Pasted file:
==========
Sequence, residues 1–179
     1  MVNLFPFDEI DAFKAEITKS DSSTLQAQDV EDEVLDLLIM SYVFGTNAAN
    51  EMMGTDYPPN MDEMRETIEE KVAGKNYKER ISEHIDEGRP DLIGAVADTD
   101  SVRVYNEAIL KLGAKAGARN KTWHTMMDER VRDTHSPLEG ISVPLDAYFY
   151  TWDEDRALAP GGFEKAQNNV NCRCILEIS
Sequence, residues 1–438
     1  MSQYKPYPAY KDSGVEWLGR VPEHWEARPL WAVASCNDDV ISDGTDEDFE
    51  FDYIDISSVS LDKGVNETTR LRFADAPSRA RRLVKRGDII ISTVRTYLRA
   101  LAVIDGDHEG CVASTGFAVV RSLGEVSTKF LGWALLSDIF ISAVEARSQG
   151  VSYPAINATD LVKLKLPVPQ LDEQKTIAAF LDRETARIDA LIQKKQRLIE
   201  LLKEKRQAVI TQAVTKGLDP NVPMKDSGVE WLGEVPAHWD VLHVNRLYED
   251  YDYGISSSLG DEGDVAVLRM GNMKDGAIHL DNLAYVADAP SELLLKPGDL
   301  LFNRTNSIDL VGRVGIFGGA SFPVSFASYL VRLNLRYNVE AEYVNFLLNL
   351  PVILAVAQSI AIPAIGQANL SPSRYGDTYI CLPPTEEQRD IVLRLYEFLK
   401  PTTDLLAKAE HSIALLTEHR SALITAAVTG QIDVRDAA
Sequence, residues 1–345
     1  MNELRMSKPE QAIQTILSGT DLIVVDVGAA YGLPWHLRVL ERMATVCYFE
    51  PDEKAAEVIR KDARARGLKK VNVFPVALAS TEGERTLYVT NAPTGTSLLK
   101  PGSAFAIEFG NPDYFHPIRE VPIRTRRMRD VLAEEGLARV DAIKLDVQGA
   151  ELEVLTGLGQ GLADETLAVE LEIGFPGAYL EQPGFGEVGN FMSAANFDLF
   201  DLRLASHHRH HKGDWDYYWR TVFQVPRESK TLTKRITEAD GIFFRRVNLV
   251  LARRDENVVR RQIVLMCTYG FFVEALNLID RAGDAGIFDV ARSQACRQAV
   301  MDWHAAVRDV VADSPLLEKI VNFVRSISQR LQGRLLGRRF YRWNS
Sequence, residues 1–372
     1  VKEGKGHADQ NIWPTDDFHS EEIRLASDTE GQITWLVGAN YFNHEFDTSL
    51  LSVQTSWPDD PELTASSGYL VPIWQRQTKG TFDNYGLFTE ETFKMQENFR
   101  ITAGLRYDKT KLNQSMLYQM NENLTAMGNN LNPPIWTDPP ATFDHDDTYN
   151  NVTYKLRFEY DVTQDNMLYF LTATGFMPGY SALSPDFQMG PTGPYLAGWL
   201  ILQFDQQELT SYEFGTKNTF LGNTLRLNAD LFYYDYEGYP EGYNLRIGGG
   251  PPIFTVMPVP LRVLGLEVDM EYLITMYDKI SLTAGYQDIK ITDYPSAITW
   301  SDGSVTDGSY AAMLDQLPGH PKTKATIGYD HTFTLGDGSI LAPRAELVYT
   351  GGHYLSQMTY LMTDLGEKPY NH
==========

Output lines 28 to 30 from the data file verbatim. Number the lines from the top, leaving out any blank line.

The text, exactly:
   151  NVTYKLRFEY DVTQDNMLYF LTATGFMPGY SALSPDFQMG PTGPYLAGWL
   201  ILQFDQQELT SYEFGTKNTF LGNTLRLNAD LFYYDYEGYP EGYNLRIGGG
   251  PPIFTVMPVP LRVLGLEVDM EYLITMYDKI SLTAGYQDIK ITDYPSAITW